“Place is a home, be it homestead, henhouse, town, nest, den, or cave. Place is renewal. It is history and hope for those who dwell there.”
“Doubtless it will be painful to leave the graves of their fathers.”
—Andrew Jackson, 1829 State of the Union Address
The door is a question mark, one that also punctuated the title of the recent Newberry Library exhibition What is the Midwest? It’s a question I’ve been stuck on for years now, as I’ve grown and felt the tugging that can only happen after you have sprouted roots in a place. This question of place functions as storage organ for the words and images produced by creators in the region. It is a lonely sort of potato. It can power the work – we feel we have to prove our place – or drag us down – we feel we have to prove our place.
Writer Dorothy Allison grew up in one such no-place, “the place that is no place for most other people.” The truck stop. The diner. The grocery store. In her essay on place she instructs, “If you’re from a place that no one knows, you have to invent it on the page.” The burden of proof is on us.
Here, we do not always agree. When self-identified Midwesterners voted in a national survey on which states made the Midwestern cut, they never reached complete consensus. The inciting event of the survey was an argument between an editor from New York and his boss of Michigan descent. The Michiganian was frustrated by the New Yorker’s carelessly drawn borders of the Midwest (“anything west of Philadelphia”). The New Yorker observes how Midwesterners have strong opinions about their place, also finding their survey definitions of the Midwest rigid, sharply defined in their home state and fuzzying with distance.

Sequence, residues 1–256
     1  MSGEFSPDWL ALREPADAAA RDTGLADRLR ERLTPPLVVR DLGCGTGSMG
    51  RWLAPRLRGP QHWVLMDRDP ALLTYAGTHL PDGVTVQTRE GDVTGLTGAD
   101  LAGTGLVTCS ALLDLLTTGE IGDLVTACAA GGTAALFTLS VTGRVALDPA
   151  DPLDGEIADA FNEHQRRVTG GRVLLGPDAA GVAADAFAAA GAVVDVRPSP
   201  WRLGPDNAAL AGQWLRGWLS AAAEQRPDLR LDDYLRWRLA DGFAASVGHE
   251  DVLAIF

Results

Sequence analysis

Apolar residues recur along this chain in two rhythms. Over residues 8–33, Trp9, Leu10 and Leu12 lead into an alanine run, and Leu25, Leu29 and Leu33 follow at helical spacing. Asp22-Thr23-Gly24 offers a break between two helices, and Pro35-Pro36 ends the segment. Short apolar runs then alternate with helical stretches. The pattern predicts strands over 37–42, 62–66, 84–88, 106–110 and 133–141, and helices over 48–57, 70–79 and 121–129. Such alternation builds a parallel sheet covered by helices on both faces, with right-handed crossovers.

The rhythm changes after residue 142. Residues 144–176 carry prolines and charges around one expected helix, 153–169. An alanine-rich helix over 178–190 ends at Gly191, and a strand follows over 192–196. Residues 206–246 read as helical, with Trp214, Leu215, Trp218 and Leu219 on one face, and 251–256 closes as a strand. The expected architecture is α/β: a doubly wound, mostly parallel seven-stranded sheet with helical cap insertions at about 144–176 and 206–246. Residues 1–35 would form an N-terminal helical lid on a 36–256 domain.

This trend suggests our regional identity, or unity, is fading as the relationship between place and identity collapses: The survey asks where? The people respond to who? Midwest means Midwesterner; I am here, right here.
Encyclopedia Britannica names the federally authorized list of states* included in the region before elevating the Midwest question to the realm of philosophy. There has been a change in the wind, the encyclopedia says. The Midwest has become “more an idea” than a place. I assume the encyclopedia is referring to the image of The Midwest as proxy for the average U.S. citizen, the Normal American, or as the backdrop to the tragedy of the Rust Belt, the rise and fall of the American farm and factory families.
Throughout my life, I have lived and worked in no-places. For five and a half years, I lived in Dayton, Ohio, a place people generally move away from, not to. I got a job as the editor-in-chief of the city’s alt weekly. A full-time journalism job straight out of college at a print newspaper in 2016 was, as it is today, a dream. I lived alone in my own over-carpeted apartment, and I was proud of it. And then I left it behind, got out, right before the paper went under. Then I left Dayton, as is tradition, and found another door in a larger place.
In the 2019 documentary American Factory, a middle-aged woman, Jill, has been living in a room in her sister’s basement for years since the 1996 shut-down of a General Motors plant in Dayton. Her story is one of many. Chinese company Fuyao Glass takes over the plant with a promise to revive the city. Jill gets a job as a forklift operator. She finally can afford an apartment for herself again, and tenderly hangs up Christmas stockings on her wall.
The film focuses on the relationship between the Chinese employees and Dayton workers, the struggles for labor rights and of unionizing. But what sits with me long after watching it is the hope glistening before it shatters, like glass.
Jill joins the union effort and is fired. She holds back tears, I cry. I cry because we are missing something we know we can never get back.